Reflecting on May: Sterling weakness, Euro strength

How political events have impacted the pound and euro

We reflect on how the upcoming UK election impacted the pound and how a reduction in political uncertainty in Europe led to strength in the euro.

Sterling weakness

What has happened?

Sterling was one of the weakest performing major currencies in May. The pound declined 0.5% versus the US dollar and 3.5% against the euro.

Why?

The pound rallied during April as UK Prime Minister Theresa May called a general election, with expectations high that the Conservatives would be able to increase their majority, strengthening the government’s position as it heads into Brexit negotiations. However, the most recent polls, less than a week before the vote, suggest that the Labour Party are gaining momentum. A Bloomberg produced composite of UK election polls gives the Conservatives just a 3 point lead over the opposition, down from 24 points on 19 April.

What should you take away from it?

It hasn’t been a particularly good year for pollsters. Most polls came down on the wrong side of the both the Brexit and US presidential votes, so it is worth bearing in mind that they may be wrong again heading into next week’s election. However, it does seem clear that the election is no longer the foregone conclusion that it was once considered to be. As we have seen over the past 12 months, political events and indeed the market reaction to them are difficult to predict.

Euro strength

What has happened?

European assets performed well in May. The euro rallied by 3.2% versus the US dollar, while equity markets in the single currency bloc outperformed a number of their peers in US dollar terms.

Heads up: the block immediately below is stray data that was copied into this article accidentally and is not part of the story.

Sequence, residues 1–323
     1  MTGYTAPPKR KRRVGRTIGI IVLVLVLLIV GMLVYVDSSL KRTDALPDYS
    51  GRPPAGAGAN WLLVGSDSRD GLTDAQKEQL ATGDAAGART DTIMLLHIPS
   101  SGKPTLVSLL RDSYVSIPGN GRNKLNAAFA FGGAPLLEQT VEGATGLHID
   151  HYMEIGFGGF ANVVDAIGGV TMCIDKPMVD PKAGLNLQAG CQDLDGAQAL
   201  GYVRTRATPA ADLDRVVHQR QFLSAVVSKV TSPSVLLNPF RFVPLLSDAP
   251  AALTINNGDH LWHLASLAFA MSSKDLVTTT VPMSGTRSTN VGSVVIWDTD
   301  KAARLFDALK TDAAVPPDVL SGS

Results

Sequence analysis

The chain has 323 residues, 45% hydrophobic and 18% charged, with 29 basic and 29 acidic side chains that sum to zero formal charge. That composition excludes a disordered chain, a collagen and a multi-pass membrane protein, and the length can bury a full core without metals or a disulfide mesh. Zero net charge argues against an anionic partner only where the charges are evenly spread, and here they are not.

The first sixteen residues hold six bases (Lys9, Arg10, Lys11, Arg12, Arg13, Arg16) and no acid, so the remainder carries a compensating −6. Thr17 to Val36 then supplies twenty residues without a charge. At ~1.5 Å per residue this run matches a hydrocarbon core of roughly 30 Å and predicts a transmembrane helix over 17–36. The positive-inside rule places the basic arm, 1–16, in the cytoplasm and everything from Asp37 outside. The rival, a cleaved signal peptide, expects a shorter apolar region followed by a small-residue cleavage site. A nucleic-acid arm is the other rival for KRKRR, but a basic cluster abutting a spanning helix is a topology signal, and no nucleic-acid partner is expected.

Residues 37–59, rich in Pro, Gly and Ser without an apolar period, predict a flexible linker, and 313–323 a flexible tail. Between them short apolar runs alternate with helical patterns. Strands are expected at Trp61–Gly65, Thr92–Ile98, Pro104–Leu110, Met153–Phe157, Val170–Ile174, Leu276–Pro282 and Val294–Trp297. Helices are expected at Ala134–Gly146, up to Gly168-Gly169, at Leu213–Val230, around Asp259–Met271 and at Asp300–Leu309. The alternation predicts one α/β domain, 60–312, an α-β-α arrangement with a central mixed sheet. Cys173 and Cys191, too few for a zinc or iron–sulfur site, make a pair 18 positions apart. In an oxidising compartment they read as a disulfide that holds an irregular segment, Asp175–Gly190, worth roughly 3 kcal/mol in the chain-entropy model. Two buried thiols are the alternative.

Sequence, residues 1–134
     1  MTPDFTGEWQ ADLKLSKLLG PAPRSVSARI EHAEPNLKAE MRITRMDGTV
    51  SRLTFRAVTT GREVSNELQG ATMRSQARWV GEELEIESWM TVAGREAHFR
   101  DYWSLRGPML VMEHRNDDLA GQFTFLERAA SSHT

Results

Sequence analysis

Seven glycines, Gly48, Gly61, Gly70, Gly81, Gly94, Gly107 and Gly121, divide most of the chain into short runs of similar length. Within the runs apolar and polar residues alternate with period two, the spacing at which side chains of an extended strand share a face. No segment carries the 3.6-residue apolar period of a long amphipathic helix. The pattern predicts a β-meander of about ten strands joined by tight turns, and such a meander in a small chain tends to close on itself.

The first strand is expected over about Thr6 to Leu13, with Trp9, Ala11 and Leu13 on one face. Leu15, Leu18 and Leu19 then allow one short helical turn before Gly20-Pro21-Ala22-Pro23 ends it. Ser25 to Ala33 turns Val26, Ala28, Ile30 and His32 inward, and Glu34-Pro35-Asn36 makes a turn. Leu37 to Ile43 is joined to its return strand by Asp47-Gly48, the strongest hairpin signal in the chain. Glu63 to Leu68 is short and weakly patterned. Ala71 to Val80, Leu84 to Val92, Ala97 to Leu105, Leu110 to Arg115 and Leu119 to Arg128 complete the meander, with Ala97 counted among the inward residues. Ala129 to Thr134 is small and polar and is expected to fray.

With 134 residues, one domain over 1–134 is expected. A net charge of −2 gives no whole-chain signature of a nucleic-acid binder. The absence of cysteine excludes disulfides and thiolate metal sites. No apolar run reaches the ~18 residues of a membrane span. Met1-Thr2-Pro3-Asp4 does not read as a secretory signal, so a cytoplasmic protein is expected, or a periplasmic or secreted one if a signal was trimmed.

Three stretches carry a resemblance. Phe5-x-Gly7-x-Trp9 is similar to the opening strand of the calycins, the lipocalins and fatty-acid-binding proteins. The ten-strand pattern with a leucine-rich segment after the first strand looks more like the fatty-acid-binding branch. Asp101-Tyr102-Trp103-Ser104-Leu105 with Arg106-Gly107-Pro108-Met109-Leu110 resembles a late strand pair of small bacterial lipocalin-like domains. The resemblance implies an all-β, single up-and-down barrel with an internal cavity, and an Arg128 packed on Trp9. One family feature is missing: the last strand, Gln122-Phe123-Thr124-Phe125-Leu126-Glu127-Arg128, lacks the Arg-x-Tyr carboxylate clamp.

Why?

The strong performance of European assets and in particular the euro during the month can be attributed to some extent to a reduction in political uncertainty and continued strong economic performance from the single currency bloc. Although the potential for an early Italian election had a negative impact towards the end of May, the election of Emmanuel Macron as the French President at the beginning of the month was well received, ending concerns of a victory for the anti-euro Marine Le Pen and sparking a rally in the single currency. On the data front PMI surveys for the region remain strong, with the composite survey sitting at its highest level in six years.

What should you take away from it?

Politics and macroeconomic data continue to be important drivers of financial assets and should continue to be closely followed over the coming months. Although the result of the French election was well received, political uncertainty persists, particularly in Italy where an election looks likely to take place before the end of the year, with the anti-establishment Five Star Movement amongst the frontrunners. Meanwhile, the strength in economic survey data has in some cases failed to translate into ‘hard’ economic data, with ECB President Mario Draghi stating that while downside risks to the eurozone recovery have diminished, they still remain.